Don’t give up on SR, sleep timing, or however you conceive of this practice, because it works.  By making this positive effort, by controlling what you can reasonably control, by letting go of the stress-producing negative thoughts about sleep, you may find your sleep naturally consolidates much more easily into one unbroken period.  This is exactly what the science tells us, as well as the experience of many satisfied STS users … and there is every reason to believe it will work for you too.

Waking up at the same times each night

May 15, 2015

Q:  For the past few nights I have been awakening at very close to the same times each night, about 1:30 a.m., 3:00 a.m., and 4:30 a.m.  Now I’m beginning to worry I’m getting locked into this pattern.  Is this kind of thing normal?

A:  Awakening at the exact same time for multiple nights is unusual, and likely coincidental.

However, if you keep a consistent sleep schedule, it might not be all that surprising to awaken at similar times each night.  That’s because our mind-body system generally works in roughly 90 minute sleep cycles, with 4 or 5 such cycles typically per night.  Each cycle consists of several predictable sleep phases, including deep or slow wave sleep, and REM (rapid eye movement), also known as dream sleep.  Each cycle normally ends with a REM dream phase, and that’s when sleep typically is lightest.

Even the best sleepers will awaken to some degree during the transition from one cycle to the next.  However, good sleepers usually fall right back asleep and by morning do not remember these transient awakenings.

Those with insomnia — who are often lighter sleepers anyway — tend to be awake longer during these sleep cycle transitions, and that’s when conditioned negative sleep thoughts and anxiety or stress from the previous day can hit hard.  Then it can understandably take longer than a few minutes to fall back asleep.

In the Sleep Training System, we counter this by using specific in-bed relaxation methods that can help you move naturally back to a drowsy state more conducive to falling  asleep.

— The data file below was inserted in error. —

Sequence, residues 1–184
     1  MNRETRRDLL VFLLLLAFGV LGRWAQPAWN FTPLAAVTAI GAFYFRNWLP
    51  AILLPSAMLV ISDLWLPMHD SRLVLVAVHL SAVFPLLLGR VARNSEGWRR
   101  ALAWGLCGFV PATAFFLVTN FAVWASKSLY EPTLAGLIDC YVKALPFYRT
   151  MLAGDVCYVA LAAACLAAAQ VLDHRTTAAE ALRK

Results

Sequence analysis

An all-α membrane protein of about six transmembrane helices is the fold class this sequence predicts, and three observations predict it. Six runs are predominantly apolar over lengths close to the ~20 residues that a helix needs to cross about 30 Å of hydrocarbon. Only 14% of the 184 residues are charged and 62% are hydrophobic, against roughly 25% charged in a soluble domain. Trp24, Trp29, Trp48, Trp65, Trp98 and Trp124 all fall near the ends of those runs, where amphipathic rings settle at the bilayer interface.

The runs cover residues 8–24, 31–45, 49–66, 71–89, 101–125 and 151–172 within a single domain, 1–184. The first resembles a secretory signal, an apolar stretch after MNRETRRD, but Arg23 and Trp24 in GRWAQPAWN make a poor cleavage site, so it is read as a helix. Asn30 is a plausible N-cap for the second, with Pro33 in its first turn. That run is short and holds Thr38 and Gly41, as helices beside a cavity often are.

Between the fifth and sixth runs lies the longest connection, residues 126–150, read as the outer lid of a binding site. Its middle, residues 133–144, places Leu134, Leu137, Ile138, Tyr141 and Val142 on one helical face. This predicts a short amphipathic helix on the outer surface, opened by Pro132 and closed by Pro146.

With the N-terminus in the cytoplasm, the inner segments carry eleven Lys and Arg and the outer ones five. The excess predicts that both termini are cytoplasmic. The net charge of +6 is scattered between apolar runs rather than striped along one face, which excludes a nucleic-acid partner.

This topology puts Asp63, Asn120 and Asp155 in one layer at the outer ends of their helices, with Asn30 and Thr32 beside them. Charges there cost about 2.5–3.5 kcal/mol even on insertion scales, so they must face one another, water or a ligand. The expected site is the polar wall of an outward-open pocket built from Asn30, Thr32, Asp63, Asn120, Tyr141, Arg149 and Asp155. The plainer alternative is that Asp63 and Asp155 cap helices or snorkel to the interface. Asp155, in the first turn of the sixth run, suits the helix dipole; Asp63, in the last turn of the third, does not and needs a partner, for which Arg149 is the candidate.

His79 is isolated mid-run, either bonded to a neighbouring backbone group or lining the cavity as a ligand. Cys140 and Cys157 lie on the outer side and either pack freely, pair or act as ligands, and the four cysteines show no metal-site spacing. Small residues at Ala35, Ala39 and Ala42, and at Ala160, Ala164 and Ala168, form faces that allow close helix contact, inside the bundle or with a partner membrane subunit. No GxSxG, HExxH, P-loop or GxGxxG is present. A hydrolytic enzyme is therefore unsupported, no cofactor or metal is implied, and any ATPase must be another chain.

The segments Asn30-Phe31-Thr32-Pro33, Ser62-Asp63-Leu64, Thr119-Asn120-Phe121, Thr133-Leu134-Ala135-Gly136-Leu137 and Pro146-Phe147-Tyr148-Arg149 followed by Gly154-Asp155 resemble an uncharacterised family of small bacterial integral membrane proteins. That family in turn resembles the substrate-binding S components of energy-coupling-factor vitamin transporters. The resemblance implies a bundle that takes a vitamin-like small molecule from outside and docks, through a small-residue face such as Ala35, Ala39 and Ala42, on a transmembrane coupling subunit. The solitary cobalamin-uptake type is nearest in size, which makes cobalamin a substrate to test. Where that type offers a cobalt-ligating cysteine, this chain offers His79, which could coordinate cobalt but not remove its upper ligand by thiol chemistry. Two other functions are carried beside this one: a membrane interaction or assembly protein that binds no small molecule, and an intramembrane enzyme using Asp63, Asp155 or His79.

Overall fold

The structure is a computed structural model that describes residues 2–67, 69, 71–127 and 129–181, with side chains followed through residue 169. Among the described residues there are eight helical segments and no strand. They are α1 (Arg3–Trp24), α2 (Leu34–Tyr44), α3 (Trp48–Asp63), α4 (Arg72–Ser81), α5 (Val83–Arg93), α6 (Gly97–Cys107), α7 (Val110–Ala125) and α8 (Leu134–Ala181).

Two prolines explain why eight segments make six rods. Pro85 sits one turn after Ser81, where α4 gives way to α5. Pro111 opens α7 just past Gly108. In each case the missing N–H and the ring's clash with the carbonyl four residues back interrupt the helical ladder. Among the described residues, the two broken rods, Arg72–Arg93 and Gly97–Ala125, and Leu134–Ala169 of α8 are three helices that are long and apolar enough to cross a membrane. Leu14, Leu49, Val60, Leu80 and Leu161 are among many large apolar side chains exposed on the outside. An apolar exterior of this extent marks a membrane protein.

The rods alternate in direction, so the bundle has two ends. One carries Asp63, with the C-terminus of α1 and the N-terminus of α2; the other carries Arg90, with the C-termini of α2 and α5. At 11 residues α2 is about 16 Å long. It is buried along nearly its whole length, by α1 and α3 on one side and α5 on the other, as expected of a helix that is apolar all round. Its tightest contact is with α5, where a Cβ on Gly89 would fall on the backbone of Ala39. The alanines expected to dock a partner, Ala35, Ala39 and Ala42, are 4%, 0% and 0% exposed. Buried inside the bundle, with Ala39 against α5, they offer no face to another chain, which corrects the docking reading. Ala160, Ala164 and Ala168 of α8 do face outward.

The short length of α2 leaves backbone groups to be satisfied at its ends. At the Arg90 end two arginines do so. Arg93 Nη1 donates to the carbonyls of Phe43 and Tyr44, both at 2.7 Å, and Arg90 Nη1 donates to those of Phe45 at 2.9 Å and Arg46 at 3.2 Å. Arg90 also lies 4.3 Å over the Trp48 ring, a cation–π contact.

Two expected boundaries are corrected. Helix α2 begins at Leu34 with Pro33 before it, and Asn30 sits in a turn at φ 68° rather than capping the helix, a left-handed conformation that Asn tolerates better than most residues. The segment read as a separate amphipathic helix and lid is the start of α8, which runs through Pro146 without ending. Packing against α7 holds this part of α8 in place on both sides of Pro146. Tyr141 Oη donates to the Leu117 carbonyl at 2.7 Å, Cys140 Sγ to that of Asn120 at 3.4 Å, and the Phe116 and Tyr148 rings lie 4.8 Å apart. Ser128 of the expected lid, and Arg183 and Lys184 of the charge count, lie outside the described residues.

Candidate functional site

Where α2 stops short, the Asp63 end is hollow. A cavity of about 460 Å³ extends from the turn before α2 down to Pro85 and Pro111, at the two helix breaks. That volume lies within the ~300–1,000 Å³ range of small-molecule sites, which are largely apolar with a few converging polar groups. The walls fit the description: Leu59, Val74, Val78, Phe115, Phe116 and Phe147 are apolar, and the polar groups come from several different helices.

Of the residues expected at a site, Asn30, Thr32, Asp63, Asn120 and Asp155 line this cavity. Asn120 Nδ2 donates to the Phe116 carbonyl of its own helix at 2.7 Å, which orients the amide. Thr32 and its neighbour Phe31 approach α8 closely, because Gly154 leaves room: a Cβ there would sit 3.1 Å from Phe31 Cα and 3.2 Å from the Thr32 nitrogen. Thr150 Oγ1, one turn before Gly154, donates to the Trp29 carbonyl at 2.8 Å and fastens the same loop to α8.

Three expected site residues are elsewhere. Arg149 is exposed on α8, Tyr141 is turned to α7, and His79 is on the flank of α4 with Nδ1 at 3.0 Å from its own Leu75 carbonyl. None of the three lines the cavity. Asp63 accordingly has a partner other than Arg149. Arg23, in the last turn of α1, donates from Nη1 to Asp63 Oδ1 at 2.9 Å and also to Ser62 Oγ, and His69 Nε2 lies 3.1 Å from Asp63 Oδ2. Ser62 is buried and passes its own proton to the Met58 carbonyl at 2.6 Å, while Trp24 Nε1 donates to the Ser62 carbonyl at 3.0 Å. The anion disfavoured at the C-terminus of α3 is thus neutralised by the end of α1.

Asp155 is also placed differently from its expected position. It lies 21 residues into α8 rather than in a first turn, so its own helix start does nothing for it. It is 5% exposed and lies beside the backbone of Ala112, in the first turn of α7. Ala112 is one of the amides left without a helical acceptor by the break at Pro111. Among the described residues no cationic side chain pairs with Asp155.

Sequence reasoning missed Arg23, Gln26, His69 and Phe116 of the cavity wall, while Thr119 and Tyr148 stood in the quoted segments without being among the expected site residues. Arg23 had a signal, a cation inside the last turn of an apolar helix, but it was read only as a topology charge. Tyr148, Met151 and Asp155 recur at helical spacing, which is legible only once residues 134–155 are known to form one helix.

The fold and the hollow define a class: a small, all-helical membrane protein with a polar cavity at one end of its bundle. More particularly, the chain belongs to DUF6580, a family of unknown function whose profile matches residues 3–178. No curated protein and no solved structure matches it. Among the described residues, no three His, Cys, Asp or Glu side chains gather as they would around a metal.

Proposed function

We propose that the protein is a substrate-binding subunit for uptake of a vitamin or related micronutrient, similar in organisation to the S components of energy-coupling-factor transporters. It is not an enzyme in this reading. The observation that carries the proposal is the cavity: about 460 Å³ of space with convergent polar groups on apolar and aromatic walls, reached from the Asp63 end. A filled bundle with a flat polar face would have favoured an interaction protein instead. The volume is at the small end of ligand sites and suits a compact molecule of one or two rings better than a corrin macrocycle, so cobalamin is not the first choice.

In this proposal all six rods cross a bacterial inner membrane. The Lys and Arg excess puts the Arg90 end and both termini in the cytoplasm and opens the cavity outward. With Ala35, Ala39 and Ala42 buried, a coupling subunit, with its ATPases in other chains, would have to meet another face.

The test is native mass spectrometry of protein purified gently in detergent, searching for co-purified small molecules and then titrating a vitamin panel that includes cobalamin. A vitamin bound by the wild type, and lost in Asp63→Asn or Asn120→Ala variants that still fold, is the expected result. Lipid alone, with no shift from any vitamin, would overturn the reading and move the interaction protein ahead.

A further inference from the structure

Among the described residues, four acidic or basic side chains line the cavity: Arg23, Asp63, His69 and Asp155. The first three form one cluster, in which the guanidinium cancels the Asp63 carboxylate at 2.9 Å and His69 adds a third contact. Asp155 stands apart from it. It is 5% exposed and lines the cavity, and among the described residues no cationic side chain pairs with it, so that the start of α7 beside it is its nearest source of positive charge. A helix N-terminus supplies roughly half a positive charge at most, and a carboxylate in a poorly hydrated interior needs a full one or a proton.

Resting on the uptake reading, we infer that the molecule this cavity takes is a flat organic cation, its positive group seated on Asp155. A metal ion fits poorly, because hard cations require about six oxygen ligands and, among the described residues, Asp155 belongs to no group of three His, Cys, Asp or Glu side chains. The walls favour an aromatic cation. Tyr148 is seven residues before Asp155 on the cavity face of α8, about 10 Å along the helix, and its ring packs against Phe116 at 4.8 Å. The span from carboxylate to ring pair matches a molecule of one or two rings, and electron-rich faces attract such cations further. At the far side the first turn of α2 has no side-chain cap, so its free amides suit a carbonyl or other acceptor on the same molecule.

As we age, we also tend to spend less time in the deepest sleep phases, and more time in what’s known as stage 2 sleep.  Stage 2 is true sleep, but lighter than the slow wave sleep phases.  Also, the elderly may reach a REM dream phase much faster than younger persons, sometimes entirely skipping preliminary phases.  These are just a couple of changes that often occur as we age.

So if you awaken in the night and can recall a vivid dream, it’s likely you’ve just completed one of these typical sleep cycles.  This kind of awakening is therefore normal, and by itself nothing to worry about.

You might benefit by becoming less of a clock watcher.  Some of us can become somewhat obsessed with checking the time when awakened in the night, but if that only works to remind you of how much sleep you’re losing, then your clock can become yet another conditioned cue that reinforces insomnia.

By using proven cognitive and behavioral methods for better sleep, you can help naturally strengthen your inherent sleep system to the point where these middle-of-the-night awakenings, while common and normal, are no longer bothersome.